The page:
Farmers’ markets in Oakridge Park and Fairmount Park contributing to health and wellness of community

Jennifer Forde (second from right) is the founder of the Courtyard and Scarborough Farmers’ Markets, She is seen with vendors at the Scarborough Farmers' Market at Oakridges Park recently. Inset photos show a number of the vendors at the market. Photos by Erin Horrocks-Pope.


Jennifer Forde, the founder of the Courtyard and Scarborough Farmers’ Markets, is leading the charge to provide nutritious food to east-end communities.

Forde wants to not only help farmers and vendors develop their brand but aims “to work with diverse communities that reflect the communities and neighbourhoods we serve in the spirit of community health and wellness.”

The Scarborough Farmers’ Market started in 2018 with the launch of the Malvern Farmers’ Market in northeast Scarborough. The goal was to bring nutrient-dense, fairly priced, culturally appropriate fresh fruits and vegetables as well as lifestyle products to the area.

The vendors were family-owned farms, women-led enterprises and ethno-cultural businesses that represent the diversity and richness of Toronto. Items for sale included fresh vegetables, fruits and meats, prepared foods like homemade samosas and baked goods, and organic handmade products such as soy candles.

Since 2019, Forde has been collaborating with Marina Queirolo, founder and steward of Market City TO.  Marina has 20 years’ experience in public markets, first as a vendor, then a market manager of Evergreen Brick Works, and now a researcher and advocate for public markets.

“Markets are the engine for inclusive economic development and great at supporting local food, as such we need to not only protect markets, but also increase residents understanding about the importance supporting neighbourhoods markets,” said Queirolo.

Due to the way large grocery stores rely on global supply chains Toronto has only three days’ worth of food, she said.

Toronto has more than 100 diverse public markets, and Queirolo collaborates with market managers, like Forde, policy makers and researchers to rebuild the mid-size food distribution infrastructure anchored in local farmers and food entrepreneurs.

This season, they are launching two programs that support a market model that is better suited to the Scarborough context. An aggregate table called the Ontario Fresh Food Table, aggregates 20 producers in one booth, bringing affordable Ontario produce, including organic offerings. With proper signage, the stand recognizes the providence of the ingredients and the farmers involved, including many urban growers that cannot produce enough to supply a single table for an entire season.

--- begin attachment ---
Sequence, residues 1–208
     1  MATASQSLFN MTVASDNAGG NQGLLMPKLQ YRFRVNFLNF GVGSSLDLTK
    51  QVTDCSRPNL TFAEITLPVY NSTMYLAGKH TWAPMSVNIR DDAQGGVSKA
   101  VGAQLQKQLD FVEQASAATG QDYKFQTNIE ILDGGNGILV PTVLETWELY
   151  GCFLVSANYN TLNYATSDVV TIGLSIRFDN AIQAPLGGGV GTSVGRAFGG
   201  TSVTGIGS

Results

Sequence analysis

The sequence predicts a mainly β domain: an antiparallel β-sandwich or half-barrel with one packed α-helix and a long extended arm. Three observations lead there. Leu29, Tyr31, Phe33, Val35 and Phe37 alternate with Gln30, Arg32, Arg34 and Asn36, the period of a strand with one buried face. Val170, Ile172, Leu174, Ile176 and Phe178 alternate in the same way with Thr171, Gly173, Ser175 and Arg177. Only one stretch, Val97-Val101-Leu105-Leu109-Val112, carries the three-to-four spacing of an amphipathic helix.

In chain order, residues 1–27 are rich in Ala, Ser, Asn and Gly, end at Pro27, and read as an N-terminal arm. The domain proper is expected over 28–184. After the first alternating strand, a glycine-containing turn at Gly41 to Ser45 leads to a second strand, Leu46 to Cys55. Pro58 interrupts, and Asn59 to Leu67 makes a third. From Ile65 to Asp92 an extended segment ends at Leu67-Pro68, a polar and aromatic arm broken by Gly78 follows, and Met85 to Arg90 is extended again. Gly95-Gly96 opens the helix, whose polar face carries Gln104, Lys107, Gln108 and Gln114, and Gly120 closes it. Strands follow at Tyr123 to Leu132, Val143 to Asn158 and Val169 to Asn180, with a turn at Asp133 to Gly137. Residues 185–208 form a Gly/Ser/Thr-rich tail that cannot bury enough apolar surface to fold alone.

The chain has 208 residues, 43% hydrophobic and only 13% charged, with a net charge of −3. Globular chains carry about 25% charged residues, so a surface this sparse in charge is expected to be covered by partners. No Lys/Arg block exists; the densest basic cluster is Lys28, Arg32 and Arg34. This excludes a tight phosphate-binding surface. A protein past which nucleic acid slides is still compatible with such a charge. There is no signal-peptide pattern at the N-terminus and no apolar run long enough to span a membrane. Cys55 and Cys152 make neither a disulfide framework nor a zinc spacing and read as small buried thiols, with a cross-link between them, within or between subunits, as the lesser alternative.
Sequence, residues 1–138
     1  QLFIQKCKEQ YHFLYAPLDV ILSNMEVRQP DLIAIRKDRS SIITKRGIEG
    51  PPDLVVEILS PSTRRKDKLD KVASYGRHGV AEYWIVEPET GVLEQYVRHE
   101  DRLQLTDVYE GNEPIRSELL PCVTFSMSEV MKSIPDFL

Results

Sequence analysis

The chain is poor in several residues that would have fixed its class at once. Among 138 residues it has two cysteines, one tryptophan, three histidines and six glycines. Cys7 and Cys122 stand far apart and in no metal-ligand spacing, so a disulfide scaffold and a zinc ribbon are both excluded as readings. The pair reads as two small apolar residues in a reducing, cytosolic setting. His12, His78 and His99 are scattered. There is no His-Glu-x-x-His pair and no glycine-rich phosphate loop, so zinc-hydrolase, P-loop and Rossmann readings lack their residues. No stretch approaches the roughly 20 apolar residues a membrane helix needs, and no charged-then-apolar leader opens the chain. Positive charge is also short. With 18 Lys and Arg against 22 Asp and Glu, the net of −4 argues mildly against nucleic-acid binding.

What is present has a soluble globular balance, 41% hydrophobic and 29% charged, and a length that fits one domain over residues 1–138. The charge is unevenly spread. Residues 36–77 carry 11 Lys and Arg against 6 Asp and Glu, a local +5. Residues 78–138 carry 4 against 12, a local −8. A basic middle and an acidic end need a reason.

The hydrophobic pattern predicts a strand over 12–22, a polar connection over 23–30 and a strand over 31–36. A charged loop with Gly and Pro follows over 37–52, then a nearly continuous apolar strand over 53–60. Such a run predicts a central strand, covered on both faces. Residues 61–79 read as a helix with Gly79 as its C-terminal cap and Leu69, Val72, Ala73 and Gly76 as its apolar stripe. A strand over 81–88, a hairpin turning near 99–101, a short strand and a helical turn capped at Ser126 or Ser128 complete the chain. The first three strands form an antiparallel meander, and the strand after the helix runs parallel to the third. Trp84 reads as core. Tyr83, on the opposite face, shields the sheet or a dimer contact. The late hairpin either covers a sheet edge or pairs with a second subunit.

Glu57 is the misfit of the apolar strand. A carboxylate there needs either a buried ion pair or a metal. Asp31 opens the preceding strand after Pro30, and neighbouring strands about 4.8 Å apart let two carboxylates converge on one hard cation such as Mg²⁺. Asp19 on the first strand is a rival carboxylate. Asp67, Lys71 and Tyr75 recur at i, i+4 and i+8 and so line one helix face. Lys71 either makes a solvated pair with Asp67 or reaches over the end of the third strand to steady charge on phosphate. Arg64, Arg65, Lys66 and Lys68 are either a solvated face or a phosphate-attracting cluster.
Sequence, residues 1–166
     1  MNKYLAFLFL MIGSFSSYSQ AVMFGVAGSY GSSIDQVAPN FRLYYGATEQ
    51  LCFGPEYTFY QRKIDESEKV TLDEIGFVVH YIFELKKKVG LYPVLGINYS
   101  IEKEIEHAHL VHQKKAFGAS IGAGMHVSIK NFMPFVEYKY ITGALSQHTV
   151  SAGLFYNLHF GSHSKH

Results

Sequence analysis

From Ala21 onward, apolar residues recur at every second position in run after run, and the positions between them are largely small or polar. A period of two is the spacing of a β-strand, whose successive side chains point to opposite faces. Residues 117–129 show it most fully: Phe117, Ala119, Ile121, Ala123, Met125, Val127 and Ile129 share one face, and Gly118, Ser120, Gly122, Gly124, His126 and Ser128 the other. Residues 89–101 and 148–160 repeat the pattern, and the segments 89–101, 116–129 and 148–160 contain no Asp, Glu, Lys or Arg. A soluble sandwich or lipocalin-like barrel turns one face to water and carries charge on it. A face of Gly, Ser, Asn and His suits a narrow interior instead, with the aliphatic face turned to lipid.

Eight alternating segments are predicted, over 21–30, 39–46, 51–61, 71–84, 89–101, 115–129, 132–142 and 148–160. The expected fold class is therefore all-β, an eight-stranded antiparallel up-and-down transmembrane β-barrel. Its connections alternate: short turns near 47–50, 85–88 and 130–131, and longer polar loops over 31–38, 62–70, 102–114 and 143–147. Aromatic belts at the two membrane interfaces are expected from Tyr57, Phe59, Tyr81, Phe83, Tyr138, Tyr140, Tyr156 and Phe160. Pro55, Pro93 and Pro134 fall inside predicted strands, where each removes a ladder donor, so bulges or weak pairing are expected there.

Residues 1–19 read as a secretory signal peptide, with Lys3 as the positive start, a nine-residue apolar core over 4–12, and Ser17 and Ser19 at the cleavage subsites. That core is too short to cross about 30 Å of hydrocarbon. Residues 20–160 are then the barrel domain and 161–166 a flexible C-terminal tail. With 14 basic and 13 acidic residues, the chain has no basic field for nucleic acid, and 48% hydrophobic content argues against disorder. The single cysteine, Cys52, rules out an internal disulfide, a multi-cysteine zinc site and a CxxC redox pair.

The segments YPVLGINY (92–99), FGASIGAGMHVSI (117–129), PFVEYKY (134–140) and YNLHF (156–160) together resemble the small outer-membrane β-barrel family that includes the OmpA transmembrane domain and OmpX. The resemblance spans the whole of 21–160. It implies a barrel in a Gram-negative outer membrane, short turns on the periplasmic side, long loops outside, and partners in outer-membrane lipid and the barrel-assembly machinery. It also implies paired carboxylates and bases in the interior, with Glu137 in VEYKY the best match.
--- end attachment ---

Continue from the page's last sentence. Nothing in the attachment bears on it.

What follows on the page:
“We have many farmers of all different sizes and scales, but many urban growers don’t have the ability to be at a booth for the whole season because they don’t have enough production,” Queirolo said. “This table can make them worth it.”

The stand also provides employment to local residents, especially youth, interested in food production, marketing, and distribution. In addition, any unsold ingredients will be picked up by the partnered local food bank to ensure nothing is wasted.

For Forde, this aggregated table enables her to start markets in areas of need and provide a consistent supply of fresh ingredients at affordable prices to benefit customers and farmers who can focus on increasing their growing capacity.

The markets will also partner with local food banks and community agencies to launch a “market bucks” coupon program for families selected by the food bank who are currently experiencing food insecurity.

Selected families will receive $20 for a period of six weeks to purchase any kind of vegetables, fruit, eggs, herbs or honey at the market fresh foods table.

While commerce is the main function of markets, they are also great community spaces. And market managers like Forde create welcoming public spaces where residents can enjoy themselves.

Forde has partners with the Toronto Public Library and the Department of Imaginary Affairs to offer biweekly market recipes and a curated reading series in the grass space at the markets from 4:30 to 5 p.m., and more activities are planned.

Forde encourages everyone to come and enjoy the market experience, meet new residents and vendors, and help build local networks and community relations.

The Courtyard Farmers’ Market at Fairmont Park (1757 Gerrard St. E.) is open on Wednesdays from 3:30 p.m. to 7:30 p.m.

The Scarborough Farmers’ Market at Oakridge Park (3459 Danforth Ave.) is open on Thursdays from 3:30 p.m. to 7:30 p.m.

Both markets are open until the first week of October.

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